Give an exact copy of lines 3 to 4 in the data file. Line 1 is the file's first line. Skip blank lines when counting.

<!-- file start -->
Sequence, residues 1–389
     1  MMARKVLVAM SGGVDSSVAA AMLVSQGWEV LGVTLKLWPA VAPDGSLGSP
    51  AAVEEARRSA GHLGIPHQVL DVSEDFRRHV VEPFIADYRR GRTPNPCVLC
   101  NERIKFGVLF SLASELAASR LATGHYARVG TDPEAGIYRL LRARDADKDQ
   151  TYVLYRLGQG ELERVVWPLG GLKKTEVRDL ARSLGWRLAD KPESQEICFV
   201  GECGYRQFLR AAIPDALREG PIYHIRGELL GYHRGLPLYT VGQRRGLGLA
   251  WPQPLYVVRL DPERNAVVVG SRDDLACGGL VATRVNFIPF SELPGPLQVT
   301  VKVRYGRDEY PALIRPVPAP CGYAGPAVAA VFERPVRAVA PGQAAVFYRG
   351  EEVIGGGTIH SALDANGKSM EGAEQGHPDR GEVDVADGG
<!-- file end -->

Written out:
    51  AAVEEARRSA GHLGIPHQVL DVSEDFRRHV VEPFIADYRR GRTPNPCVLC
   101  NERIKFGVLF SLASELAASR LATGHYARVG TDPEAGIYRL LRARDADKDQ